Welcome to Scribd, the world's digital library. Read, publish, and share books and documents. See more
Download
Standard view
Full view
of .
Save to My Library
Look up keyword
Like this
1Activity
0 of .
Results for:
No results containing your search query
P. 1
Importado (Issue IV)

Importado (Issue IV)

Ratings: (0)|Views: 483|Likes:
Published by Jonathan Leschinski
"De: Helen Morris
Enviado el: martes, 04 de noviembre de 2008 21:41
Asunto: Importado

Here is this semester's first publication of Importado.
Enjoy

Los editores quisieran agradecer a todos los participantes de este numero de Importado e enviar a cualquier miembro de la comunidad inspirado por el tema de la siguiente edición, Ideologias Politicas, a que nos envíen sus artículos, análisis o poesía para publicar antes del Lunes 17 de Noviembre. Quisiéramos agradecer a nuestras traductoras de esta edición, Eva y Regina.

The editors would like to thank all of the contributors to this issue of Importado, and encourage any member of the community inspired by the theme of the next issue, Political Ideology,to send us their articles, analysis or poetry for publication, by Monday 17th November. We would also like to thank our translators for this issue, Eva and Regina."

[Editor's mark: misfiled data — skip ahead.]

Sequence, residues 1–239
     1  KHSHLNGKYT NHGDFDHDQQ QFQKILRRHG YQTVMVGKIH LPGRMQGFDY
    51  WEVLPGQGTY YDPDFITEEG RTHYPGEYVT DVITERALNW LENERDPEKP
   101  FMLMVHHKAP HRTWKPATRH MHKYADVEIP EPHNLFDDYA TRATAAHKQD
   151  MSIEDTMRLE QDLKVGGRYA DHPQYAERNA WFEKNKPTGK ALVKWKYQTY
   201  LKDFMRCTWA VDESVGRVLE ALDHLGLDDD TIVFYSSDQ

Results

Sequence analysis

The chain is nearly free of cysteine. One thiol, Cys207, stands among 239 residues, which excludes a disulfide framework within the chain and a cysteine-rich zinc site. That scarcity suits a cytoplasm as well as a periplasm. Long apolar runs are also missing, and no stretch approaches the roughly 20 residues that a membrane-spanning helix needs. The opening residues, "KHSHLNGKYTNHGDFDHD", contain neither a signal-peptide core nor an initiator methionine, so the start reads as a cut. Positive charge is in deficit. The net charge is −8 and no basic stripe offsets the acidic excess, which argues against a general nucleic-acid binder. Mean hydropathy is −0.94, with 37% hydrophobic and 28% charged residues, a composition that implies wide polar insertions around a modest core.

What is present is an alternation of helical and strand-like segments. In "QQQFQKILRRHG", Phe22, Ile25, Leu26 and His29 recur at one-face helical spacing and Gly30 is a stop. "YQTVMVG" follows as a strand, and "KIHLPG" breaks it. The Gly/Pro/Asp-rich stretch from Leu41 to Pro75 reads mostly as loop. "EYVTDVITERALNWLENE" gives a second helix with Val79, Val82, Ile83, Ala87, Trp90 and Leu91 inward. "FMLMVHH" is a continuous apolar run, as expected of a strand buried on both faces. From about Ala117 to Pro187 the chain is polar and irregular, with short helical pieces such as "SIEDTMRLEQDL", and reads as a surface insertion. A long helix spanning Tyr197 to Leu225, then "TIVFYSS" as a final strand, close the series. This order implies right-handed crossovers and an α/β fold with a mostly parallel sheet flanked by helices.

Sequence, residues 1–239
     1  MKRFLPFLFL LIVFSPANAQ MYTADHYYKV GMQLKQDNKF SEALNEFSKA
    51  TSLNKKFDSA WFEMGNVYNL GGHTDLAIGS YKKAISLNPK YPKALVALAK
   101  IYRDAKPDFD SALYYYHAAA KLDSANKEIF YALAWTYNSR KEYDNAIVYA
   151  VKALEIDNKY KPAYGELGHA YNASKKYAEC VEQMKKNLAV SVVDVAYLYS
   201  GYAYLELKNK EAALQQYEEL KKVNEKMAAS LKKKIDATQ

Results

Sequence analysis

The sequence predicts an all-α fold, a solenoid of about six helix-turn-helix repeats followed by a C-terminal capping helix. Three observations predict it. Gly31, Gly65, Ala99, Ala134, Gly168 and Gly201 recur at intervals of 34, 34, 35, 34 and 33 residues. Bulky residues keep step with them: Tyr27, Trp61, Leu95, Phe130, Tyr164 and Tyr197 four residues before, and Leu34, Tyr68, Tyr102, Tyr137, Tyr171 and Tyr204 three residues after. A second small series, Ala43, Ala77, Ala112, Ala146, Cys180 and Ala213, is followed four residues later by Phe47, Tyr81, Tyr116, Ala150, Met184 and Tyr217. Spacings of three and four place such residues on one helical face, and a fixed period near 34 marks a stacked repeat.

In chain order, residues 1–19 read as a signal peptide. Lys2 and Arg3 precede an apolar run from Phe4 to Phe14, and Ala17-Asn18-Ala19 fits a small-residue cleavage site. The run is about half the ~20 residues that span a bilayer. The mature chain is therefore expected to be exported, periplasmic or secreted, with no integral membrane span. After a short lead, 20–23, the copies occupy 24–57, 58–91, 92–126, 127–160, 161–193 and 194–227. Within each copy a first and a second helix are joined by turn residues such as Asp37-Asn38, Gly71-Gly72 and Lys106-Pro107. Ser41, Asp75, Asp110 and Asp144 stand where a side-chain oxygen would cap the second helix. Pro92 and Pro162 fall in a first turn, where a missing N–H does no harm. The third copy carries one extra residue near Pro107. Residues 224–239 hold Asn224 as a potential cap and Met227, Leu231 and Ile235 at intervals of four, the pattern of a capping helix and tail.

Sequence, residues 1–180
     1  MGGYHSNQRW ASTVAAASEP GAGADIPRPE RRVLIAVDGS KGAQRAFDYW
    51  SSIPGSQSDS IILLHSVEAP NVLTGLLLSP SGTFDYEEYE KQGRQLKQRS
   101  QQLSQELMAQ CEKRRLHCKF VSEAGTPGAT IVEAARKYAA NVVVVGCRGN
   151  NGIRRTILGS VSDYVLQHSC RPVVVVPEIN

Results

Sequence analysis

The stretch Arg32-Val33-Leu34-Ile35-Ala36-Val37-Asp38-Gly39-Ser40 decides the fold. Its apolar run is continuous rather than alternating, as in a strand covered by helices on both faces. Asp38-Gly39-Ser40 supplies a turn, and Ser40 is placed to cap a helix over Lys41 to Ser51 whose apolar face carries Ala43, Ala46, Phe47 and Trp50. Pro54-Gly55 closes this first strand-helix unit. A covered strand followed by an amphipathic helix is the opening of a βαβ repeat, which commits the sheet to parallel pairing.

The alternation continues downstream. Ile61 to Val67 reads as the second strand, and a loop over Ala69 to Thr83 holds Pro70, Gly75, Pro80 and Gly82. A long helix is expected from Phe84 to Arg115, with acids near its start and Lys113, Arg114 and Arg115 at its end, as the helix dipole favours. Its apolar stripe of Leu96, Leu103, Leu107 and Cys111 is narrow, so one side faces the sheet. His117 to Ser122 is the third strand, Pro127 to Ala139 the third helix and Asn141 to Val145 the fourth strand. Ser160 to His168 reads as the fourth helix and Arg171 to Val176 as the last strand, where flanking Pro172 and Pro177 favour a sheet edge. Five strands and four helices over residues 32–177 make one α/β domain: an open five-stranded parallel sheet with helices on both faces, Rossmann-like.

"De: Helen Morris
Enviado el: martes, 04 de noviembre de 2008 21:41
Asunto: Importado

Here is this semester's first publication of Importado.
Enjoy

Los editores quisieran agradecer a todos los participantes de este numero de Importado e enviar a cualquier miembro de la comunidad inspirado por el tema de la siguiente edición, Ideologias Politicas, a que nos envíen sus artículos, análisis o poesía para publicar antes del Lunes 17 de Noviembre. Quisiéramos agradecer a nuestras traductoras de esta edición, Eva y Regina.